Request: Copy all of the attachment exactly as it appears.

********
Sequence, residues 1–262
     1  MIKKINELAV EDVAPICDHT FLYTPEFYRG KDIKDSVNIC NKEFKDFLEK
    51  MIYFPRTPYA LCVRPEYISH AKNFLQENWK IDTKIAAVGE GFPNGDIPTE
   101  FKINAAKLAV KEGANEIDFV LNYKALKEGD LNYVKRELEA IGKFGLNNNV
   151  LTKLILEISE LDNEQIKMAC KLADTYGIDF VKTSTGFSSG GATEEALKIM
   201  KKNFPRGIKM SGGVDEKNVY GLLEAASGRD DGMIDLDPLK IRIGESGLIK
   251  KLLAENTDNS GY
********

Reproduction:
Sequence, residues 1–262
     1  MIKKINELAV EDVAPICDHT FLYTPEFYRG KDIKDSVNIC NKEFKDFLEK
    51  MIYFPRTPYA LCVRPEYISH AKNFLQENWK IDTKIAAVGE GFPNGDIPTE
   101  FKINAAKLAV KEGANEIDFV LNYKALKEGD LNYVKRELEA IGKFGLNNNV
   151  LTKLILEISE LDNEQIKMAC KLADTYGIDF VKTSTGFSSG GATEEALKIM
   201  KKNFPRGIKM SGGVDEKNVY GLLEAASGRD DGMIDLDPLK IRIGESGLIK
   251  KLLAENTDNS GY